Friday 2 March 2018

Lectio divina

In January, I read a blog post by Lynne Baab on Lectio divina, an ancient practise of listening to God through reading scripture.  It was part of a series on listening to God in prayer (you can see the whole series at the end of this blog post).

At the time, I was aware that life had been more complicated than usual for a wee while.  I'd realised that, in response, I'd been praying and asking God for help quite a lot, but I'd been neglecting listening to God and seeking God simply for the sake of knowing him.  So this blog post came at an opportune time for me :-)

As Lynne describes it, lectio divina is a four-step meditation that can be used on any Bible passage.  Firstly you read it through slowly, looking for a word or phrase that stands out or 'shimmers'.  Then you re-read it, thinking about what the meaning of the whole passage is in the light of that word or phrase.  Thirdly you respond to God in regards to what you have seen, and lastly you wait quietly for anything he may have to say to you.

I decided to give it a go, using the Anglican lectionary as a source of texts: each day I just bring up the first passage from the 'daily eucharistic lectionary' and try to meditate on it using this pattern.

The first time I did it, the passage was Jonah 3:1-5,10.  Jonah, rescued from the whale, is again told by God to preach to Ninevah; he does so and the people repent.

I read it through a few times, but nothing 'happened'.  Eventually I basically said to God that I didn't have a clue what I was doing, and asked him to help me.  Immediately I was struck by how, at the beginning, it says that God spoke to Jonah a second time.  I then realised there were a number of 'seconds' in the passage.  Jonah is given a second chance to do what God wants him to do.  Through Jonah's message, the people of Ninevah are also given a second chance (something Jonah's not exactly happy about!), and I think there was another 'second', too, but I can't remember it now.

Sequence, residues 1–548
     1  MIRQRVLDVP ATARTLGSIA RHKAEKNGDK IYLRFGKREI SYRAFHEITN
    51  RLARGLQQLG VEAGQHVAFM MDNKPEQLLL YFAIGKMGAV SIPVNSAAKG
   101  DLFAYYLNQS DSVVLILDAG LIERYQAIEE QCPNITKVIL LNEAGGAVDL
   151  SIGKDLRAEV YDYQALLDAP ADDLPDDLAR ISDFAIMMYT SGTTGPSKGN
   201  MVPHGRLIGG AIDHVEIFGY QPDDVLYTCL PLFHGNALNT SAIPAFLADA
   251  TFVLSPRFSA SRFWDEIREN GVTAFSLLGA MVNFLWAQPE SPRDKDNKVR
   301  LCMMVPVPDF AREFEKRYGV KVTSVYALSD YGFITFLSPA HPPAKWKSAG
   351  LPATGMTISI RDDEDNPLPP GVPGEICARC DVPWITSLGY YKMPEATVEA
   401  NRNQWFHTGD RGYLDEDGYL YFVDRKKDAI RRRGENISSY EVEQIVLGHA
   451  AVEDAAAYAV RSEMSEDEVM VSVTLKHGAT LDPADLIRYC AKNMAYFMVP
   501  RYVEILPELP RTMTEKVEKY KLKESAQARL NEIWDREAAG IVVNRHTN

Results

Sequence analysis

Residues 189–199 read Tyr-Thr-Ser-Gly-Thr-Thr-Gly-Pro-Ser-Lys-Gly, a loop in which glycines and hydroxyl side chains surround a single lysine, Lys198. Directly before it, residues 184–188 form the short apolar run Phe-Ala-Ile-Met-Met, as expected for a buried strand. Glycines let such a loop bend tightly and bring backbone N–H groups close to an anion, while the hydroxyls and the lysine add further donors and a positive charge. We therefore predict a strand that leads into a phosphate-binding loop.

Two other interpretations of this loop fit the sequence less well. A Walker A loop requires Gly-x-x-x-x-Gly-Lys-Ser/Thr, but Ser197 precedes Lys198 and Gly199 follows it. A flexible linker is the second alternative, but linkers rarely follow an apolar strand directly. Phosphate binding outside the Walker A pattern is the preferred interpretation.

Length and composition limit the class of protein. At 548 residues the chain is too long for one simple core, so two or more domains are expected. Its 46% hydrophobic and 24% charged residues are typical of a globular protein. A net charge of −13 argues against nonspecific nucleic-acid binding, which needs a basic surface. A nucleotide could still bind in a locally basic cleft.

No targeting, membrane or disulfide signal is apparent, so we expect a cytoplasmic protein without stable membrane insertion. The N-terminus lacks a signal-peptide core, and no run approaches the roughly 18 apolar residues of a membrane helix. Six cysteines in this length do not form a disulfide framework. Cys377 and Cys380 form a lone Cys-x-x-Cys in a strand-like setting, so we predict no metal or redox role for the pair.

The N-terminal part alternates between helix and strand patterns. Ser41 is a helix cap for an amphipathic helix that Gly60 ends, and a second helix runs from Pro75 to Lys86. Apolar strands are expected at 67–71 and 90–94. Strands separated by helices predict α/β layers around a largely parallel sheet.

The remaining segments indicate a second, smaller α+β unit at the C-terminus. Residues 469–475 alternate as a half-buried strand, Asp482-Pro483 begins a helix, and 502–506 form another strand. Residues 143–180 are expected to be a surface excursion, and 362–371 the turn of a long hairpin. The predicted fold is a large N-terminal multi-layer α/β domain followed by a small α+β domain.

As I prayed about that, I realised that God gives me second chances.  In the complexity of recent months, I haven't got quite a few things as 'right' as I would like.  I realised that's OK - God gives me second chances - I don't need to be perfect all the time.  I also realised this applied to the people around me.  As Jonah was an (unwilling!) mediator of 'second chances', so I need to be, too - not expecting other people to always get things right, but to extend grace to them and not hold failures against them.

It spoke really directly to my situation - which was helpful in itself, but also encouraged me that lectio divina was something God was calling me to.  I decided to try and slot it into my daily routine.  This involved ditching my daily intercessory prayer slot (which I have mixed feelings about) but doing lectio divina feels more important right now and there's only so much time in the day!

Most days since, it hasn't been as dramatic as that, although there have been three other times where God used the text to speak really directly to my current situation.

The first of these was when I read James 1:1-11.  It speaks about having joy in your trials and also enjoins the readers that, if they have need of wisdom, to simply ask God for it and he would give it to them.  I was feeling quite burdened at the time with a number of things, and I realised that I was awfully far from 'rejoicing' in my trials.  So I prayed about that, and have continue to do so, off and on :-)  I was also feeling quite nervous about a conversation I wanted to have later that day and which I thought could be difficult.  Following the advice of the text, I prayed to God for wisdom :-)  Later, it became clear to me that my conversation would likely go better if I put one thing quite differently from how I had intended to.  I did and it did :-)  Praise God!

Next was when I read Deuteronomy 26:16-19.  It's talking about the covenant between God and Israel.  It's kind-of symmetrical and kind-of not: in particular, it says that what the Israelites will receive is a God to look after them, and what God will receive is a people to be his treasure.  The word treasure really stood out to me, and as I prayed I realised that that was why God has saved me, too: because he wants me to be his treasure :-)  That was super-special.

Then, most recently, was when I read Isaiah 1:10,16-20.  The phrase that stood out was 'cease to do evil, learn to do good'.  I've got several situations at the moment where I want to 'do good' but I feel like I simply don't know what that looks like.  All available options seem in some way harmful.  I found this phrase so encouraging.  Firstly it said to me that while what is evil is obvious, what is good is (or can be) more complicated.  That was reassuring, as that's my current experience.  Secondly it said to me that we can learn what is good from God.  So I have been praying that he will teach me what 'good' looks like in the situations I am talking about, rather than just being frustrated it isn't obvious!

Many other times, nothing has 'happened' as I've read, but these four instances are encouraging me to continue.

NB I've mentioned Lynne Baab's blog previously in my post on Separating thoughts from feelings.  I've found many of her posts helpful.  If you'd like to check them out, her blog is here.  She posts weekly.

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